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William Cumming (search for this): chapter 8
erson and in letters; Lord Guilford (Frederick North), a man of more learning, and whose active benevolence will do more for Greece than Gell's pretensions and showy books; Randohr, the Prussian Minister; the Marquis de Sommariva, a Milanese and a kind of Maecenas of the arts now; and Mr. Benjamin Smith, son of the member from Norwich, who is here with his sister for his health. I always had a plate at their table, and generally met somebody that interested or instructed me: such as Sir William Cumming, a Scotchman of talent; the famous Azzelini, who was with Bonaparte in Egypt, and gave me once a curious account of the shooting the prisoners and poisoning the sick at Jaffa; Miss Lydia White, the fashionable blue-stocking; and many others of the same sort, so that the two or three days in the week I dined there were very pleasantly passed. On the 28th of February Mr. Ticknor left Naples and returned to Rome. To Elisha Ticknor. Rome, March 3, 1818. . . . . My visit at Napl
ulture. With Benci, a Florentine of some literary name, the Chevalier Tocca (the brother of the Duchess), and two or three other persons who, like myself, were invited to dine whenever they chose, the party was as pleasant as it needed to be; and if I could not find time to dine there, I commonly went from four or five o'clock till six, and dined with Mr. Smith afterwards. My Platonic visits, however, were at the venerable Archbishop's, where I dined on Thursday with Sir William Gell, Mr. Craven, Lord Guilford, the Marquis of Ubaldo, and three or four others, Italians. The old Archbishop is a venerable patriarch and an interesting man, and is of one of the oldest and richest noble families of Naples; has been Minister of State; and, having gone through all the honors the Church could give him, up to the archbishopric, and refused to go higher, lives, at the age of seventy-six, in a kind of literary retirement, with a simplicity and dignity which show that he has preserved the pur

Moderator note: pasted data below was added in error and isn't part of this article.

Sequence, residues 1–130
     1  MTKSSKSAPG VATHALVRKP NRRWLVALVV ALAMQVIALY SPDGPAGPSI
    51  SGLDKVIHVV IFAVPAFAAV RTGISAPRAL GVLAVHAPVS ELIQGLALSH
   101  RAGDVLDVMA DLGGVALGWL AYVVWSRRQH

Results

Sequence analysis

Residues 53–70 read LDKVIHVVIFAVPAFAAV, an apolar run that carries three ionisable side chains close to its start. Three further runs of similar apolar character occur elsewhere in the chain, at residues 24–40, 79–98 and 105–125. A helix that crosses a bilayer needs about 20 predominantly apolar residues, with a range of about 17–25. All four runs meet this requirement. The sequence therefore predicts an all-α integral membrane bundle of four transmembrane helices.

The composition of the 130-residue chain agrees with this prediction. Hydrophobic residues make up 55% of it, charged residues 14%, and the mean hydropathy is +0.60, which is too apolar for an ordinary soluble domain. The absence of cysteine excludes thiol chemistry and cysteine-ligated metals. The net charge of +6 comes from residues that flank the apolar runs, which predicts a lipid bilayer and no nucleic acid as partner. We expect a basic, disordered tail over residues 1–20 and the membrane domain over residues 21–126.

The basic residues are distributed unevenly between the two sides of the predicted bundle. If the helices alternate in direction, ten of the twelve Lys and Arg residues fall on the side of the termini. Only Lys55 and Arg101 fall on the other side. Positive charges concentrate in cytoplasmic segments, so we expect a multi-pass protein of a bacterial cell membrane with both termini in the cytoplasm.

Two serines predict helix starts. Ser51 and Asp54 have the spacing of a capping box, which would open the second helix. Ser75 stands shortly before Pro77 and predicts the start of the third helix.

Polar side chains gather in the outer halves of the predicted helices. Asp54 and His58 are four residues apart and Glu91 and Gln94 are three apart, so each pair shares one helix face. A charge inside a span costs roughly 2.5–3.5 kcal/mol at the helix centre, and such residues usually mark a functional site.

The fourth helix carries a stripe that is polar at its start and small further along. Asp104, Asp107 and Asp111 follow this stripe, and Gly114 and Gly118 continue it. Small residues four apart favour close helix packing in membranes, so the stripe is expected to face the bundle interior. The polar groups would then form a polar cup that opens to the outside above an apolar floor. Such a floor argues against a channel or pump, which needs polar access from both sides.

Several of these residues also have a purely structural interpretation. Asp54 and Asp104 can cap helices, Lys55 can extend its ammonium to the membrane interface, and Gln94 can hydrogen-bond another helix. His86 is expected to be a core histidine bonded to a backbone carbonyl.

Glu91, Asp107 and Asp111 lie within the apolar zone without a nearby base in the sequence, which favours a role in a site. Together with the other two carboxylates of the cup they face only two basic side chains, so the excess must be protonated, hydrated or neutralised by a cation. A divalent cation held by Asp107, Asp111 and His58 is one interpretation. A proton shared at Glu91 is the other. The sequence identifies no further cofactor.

English Jacobite (search for this): chapter 8
enerally passed part of every evening at Lucien's. To Edward T. Channing. Leghorn, April 7, 1818. . . . . At Florence I spent ten days very pleasantly, for Florence is one of the few cities in the world—perhaps the only one—that may be seen with pleasure, as a city, after Rome. There is a fine society there too,—not so various as the Roman, but still one that is not a little interesting to a stranger. The Countess of Albany is at the head of it; and you come so near to being an English Jacobite, that I think you will like to hear a little about the wife of the last Pretender, and to know something of the wife whom Alfieri loved with the most devoted passion to the last moment of his life. I need not tell you she is old, since Dupaty's book is filled with admiration of her, nearly forty years ago; but she has preserved all the vivacity of youth, and takes as strong an interest in the world as she ever did. Every evening at eight o'clock she receives her friends and the strang<
Americans (search for this): chapter 8